NA

NA

NA

NA

25 %

Roy-Byrne et al. 2005

54 %c

52 %c

41 %b

39 %b

70 %

34 %

63 %d

14 %d

NA

NA

Rollman et al. 2005

77 %e

66 %e

NA

NA

79 %f

NA

66 %g

NA

18 %

26 %

König et al. 2009

NA

NA

NA

NA

NA

NA

NA

NA

33 %

33 %

Roy-Byrne et al. 2010

70 %h

68 %h

46 %i

42 %i

88 %

51 %

82 %j

34%j

NA

NA

Oosterbaan et al. 2013*

45 %

33 %

NA

NA

NA

NA

75 %g

NA

NA

NA

Muntingh et al. 2014

21 %e

35 %e

NA

NA

92 %

12 %

78 %g

NA

11 %

21 %

*Highest % of patients that have received a form of care at any follow-up measurement

aAppropriate type of medication

bAdequate dose and duration of medication

c Any antipanic pharmacotherapy

d3 or more sessions counseling plus at least 4 of 7 CBT techniques

eSSRI/SNRI pharmacotherapy

f3 or more telephone contacts with CM

g3 or more (telephone) contacts with CM about CBT workbook

hAny psychotropic medication

IAppropriate type, dose and duration

jCounseling with at least 3 CBT elements

NA = Not Available

Outcome measures

All studies included a continuous outcome scale to measure anxiety. Study 2 used a dichotomous outcome (remission and response) as primary outcome measure. Five studies reported separately about panic disorder outcomes (studies 1–3,5,7). The length of follow-up varied from 9 months (study 4) to 18 months (study 5). Two studies (studies 4 and 7) used patient self-report to assess the outcome, while in the other five studies a (blinded) research assistant administered the outcome measures by telephone.

Risk of bias within studies

The overall quality of included studies was moderate to high (see Table 4). For study 1, six out of eight criteria were rated as unclear; in the other studies four to six criteria were rated as low risk of bias. The most prevalent potential source of bias was the inability to blind patients and professionals for treatment allocation, as is common in psychotherapy research [38]. Studies 6 and 7 used cluster randomization with subsequent referral by the primary care physician, which may have induced selection bias. Study 1 did not provide the statistics of an insignificant result on the Panic Disorder Severity Scale (PDSS). Of four studies (studies 2,3,5, 7), a published study protocol was retrieved [3942].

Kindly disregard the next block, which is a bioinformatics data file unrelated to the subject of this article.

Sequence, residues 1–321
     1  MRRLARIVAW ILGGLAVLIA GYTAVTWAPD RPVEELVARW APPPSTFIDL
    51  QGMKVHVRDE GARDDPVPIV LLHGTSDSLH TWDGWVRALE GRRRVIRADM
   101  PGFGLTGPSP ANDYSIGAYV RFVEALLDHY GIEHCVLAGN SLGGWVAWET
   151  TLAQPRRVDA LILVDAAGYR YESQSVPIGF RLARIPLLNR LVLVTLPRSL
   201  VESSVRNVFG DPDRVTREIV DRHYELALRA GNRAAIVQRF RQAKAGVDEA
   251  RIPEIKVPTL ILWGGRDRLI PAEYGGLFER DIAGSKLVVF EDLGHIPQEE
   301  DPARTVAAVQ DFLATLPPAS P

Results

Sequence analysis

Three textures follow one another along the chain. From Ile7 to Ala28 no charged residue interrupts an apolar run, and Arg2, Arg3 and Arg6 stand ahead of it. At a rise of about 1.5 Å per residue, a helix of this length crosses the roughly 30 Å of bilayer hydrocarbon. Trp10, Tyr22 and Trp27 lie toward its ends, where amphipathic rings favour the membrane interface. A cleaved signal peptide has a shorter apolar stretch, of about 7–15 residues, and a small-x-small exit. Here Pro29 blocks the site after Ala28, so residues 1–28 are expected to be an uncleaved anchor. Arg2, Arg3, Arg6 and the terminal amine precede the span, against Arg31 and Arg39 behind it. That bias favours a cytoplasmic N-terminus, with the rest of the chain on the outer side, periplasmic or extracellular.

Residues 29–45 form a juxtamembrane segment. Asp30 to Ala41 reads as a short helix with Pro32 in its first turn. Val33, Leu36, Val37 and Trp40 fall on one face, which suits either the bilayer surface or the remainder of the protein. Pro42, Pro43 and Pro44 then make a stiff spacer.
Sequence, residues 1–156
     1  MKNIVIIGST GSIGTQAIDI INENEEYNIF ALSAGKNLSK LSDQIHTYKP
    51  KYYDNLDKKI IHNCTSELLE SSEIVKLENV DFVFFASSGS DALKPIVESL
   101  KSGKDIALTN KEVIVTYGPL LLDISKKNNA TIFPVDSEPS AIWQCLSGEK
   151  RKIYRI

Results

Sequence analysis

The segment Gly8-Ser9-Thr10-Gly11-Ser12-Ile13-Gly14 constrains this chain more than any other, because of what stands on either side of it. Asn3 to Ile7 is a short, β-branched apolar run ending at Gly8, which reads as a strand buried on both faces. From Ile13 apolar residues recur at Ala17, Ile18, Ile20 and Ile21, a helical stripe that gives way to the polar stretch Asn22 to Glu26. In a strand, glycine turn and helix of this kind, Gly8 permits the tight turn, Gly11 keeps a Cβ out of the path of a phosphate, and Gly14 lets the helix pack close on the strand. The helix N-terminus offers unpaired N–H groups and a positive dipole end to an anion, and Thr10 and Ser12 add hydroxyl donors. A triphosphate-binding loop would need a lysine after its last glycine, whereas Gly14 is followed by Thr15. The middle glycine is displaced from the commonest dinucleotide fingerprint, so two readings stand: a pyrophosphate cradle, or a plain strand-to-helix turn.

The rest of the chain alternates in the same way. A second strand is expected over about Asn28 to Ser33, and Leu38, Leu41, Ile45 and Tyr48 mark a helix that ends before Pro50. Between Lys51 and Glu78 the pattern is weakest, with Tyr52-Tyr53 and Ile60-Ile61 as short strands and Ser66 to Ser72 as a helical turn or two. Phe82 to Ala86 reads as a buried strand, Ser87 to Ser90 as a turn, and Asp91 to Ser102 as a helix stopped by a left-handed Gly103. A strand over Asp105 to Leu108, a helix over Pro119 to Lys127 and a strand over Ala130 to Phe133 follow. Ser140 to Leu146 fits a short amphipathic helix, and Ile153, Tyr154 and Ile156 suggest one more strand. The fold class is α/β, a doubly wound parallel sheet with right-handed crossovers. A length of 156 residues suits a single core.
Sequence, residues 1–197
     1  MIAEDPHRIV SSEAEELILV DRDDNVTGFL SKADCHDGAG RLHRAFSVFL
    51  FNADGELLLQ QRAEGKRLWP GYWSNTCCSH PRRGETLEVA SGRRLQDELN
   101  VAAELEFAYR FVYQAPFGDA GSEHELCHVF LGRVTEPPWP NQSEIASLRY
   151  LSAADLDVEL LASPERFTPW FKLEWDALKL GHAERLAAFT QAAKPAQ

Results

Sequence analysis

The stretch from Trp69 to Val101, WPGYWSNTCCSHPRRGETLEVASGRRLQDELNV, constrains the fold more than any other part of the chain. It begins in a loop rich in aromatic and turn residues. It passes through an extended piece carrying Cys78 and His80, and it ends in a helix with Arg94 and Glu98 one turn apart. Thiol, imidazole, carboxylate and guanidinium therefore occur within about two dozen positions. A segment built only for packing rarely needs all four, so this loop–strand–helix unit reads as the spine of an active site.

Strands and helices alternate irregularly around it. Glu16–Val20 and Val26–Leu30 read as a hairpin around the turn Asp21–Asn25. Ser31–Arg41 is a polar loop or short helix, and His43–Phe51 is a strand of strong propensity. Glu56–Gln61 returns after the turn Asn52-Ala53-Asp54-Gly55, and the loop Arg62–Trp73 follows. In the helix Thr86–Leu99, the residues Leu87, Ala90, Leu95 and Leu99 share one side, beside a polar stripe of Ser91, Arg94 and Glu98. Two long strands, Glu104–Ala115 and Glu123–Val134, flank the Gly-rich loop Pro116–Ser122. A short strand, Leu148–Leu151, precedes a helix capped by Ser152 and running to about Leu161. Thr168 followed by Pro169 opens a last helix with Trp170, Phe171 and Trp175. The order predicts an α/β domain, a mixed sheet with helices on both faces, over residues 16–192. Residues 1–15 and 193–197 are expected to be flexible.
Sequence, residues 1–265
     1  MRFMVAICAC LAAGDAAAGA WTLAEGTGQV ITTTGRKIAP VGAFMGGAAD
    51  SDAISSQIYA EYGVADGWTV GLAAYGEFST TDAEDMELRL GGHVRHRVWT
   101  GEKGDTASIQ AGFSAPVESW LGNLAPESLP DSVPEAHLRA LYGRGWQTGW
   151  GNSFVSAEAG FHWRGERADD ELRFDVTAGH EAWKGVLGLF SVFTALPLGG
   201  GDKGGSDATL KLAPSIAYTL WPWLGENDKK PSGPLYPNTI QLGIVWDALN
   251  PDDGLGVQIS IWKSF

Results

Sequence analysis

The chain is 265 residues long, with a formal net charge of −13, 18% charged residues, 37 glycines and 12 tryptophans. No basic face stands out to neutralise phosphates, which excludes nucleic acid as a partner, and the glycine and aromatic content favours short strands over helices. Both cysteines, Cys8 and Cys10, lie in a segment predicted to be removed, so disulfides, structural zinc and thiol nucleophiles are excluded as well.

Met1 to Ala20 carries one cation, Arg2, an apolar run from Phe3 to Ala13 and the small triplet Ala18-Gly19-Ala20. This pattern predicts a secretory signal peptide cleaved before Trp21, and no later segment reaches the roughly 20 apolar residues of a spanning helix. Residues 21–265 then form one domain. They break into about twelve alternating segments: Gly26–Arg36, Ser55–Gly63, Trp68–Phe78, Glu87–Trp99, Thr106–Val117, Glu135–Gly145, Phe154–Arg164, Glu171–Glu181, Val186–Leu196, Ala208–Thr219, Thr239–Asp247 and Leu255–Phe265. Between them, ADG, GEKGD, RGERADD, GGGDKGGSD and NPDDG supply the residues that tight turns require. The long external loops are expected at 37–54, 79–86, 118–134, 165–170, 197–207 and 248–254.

Table 4

Risk of bias in 7 randomized controlled trials comparing collaborative care for adult patients with anxiety disorders to usual primary care

 

Adequate Sequence Generation?

Allocation concealed?

Patients blinded?

Professionals blinded?

Outcome assessors blinded?

Incomplete outcome data addressed?

Free of selective reporting?

Free of other bias

Roy-Byrne et al. 2001

+

?

?

?

+

?

?

?

Roy-Byrne et al. 2005

?

+

+

+

?

+

Rollman et al. 2005

+

+

+

+

?

+

König et al. 2009

+

+

?

+

?

+

Roy–Byrne et al. 2010

+

+

?

+

+

+

+

Oosterbaan et al. 2013

+

+

+

+

+

+

Muntingh et al. 2014

+

+

+

+

+

+

Results of individual studies

The results of the individual studies at follow-up closest to 12 months are reported in Table 1. All studies except study 4 reported a significantly greater effect of the collaborative care intervention compared to care as usual. The meta-analysis (Fig. 3), pooling the data of all seven studies, yielded an SMD of 0.35 (95 % CI 0.14 to 0.56, p = 0.001), indicating that collaborative care leads to a significantly greater reduction in anxiety symptoms, with a small effect size after 12 months. The Q-value was 21.73 (df = 6, p = 0.001), indicating significant dispersion across studies. The I 2 was 72 %, which indicates that a high proportion of the total variation may be attributed to true heterogeneity between studies. A sensitivity analysis excluding Study 4 led to a considerable decrease in heterogeneity (Q = 4.72, df = 5, p = 0.34; I 2  = 0 %) and a higher SMD (SMD = 0.40, 95 % CI 0.30 to 0.51, p < 0.001).
Fig. 3